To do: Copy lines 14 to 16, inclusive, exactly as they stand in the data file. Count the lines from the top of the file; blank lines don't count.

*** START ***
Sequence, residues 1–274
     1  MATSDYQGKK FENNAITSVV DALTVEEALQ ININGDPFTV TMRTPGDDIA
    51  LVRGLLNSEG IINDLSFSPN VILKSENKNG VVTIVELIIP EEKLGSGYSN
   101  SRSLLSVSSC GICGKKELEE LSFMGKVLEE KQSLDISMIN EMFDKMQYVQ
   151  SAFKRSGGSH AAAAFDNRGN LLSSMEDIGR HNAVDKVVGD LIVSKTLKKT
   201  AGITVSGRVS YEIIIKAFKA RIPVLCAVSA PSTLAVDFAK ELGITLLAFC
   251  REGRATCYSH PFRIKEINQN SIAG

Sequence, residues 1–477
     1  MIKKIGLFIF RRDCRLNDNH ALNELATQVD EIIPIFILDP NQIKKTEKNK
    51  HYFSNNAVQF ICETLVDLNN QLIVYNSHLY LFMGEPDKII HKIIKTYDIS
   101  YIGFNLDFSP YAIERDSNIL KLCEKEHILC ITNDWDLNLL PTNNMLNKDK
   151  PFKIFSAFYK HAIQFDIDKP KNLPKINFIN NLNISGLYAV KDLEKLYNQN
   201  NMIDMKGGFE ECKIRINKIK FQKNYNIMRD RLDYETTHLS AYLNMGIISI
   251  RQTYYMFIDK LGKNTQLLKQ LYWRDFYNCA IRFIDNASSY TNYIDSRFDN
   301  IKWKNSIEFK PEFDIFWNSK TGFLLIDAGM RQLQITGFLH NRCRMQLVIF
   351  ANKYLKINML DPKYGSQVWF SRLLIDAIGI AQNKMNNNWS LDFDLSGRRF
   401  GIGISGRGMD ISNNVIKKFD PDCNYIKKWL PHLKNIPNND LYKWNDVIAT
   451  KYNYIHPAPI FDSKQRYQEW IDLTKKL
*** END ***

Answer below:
   251  RQTYYMFIDK LGKNTQLLKQ LYWRDFYNCA IRFIDNASSY TNYIDSRFDN
   301  IKWKNSIEFK PEFDIFWNSK TGFLLIDAGM RQLQITGFLH NRCRMQLVIF
   351  ANKYLKINML DPKYGSQVWF SRLLIDAIGI AQNKMNNNWS LDFDLSGRRF